Null and Alternative Hypotheses

What are some terms related to hypothesis testing that you are already familiar with? Why does a null and alternative hypothesis have to be mutually exclusive?

I actually did not know any specific terminology related to hypothesis testing. I can remember from high school that a hypothesis has to be testable. It is not just a prediction, but a prediction that can be empirically tested. That is about it though. After reading about hypothesis testing, however, I think I must understand even less, or that is just the way it seems I suppose. I understand the necessity for a null hypothesis because in my life it has sometimes been easier to explain why I do not want to do something, rather than specifically why I want to do something. As to why they must be mutually exclusive, if both could be true, then the chances of statistical significance are greatly diminished. Seeing as how we are looking for an extreme change from the comparison distribution, the overlap would fundamentally undermine the purpose of null-hypothesis testing (NHT). Besides, the p-value is supposed to be the last whatever percentile (.05 or .01) away from the mean of the comparison distribution. So I don’t see how they could overlap. If the results do not indicate enough contrasts between the sample distribution and the comparison distribution, then it is not statistically significant anyway. So for hypotheses to overlap statistical insignificance is almost a must. I hope I got that right. It makes sense in my head anyway.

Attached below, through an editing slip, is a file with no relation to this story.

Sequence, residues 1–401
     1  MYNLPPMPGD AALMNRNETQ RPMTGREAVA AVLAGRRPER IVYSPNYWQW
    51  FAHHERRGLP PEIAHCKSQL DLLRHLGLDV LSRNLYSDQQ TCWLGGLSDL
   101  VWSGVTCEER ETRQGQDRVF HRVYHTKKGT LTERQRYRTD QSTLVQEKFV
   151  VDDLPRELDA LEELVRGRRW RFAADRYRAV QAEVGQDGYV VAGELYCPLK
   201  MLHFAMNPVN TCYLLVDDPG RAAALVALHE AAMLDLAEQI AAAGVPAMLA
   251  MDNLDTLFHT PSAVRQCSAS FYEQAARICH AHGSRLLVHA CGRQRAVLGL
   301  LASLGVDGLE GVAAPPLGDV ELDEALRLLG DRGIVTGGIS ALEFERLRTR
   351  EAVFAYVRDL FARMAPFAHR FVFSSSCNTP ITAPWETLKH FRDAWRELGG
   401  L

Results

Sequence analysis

References

Aron, A., Aron, E., & Coups, E. (2006). Statistics for psychology (4th ed.). Upper Saddle River, NJ: Pearson/Allyn Bacon.

Advertisements

Leave a Reply

Fill in your details below or click an icon to log in:

WordPress.com Logo

You are commenting using your WordPress.com account. Log Out /  Change )

Google photo

You are commenting using your Google account. Log Out /  Change )

Twitter picture

You are commenting using your Twitter account. Log Out /  Change )

Facebook photo

You are commenting using your Facebook account. Log Out /  Change )

Connecting to %s

Powered by WordPress.com.

Up ↑

%d bloggers like this: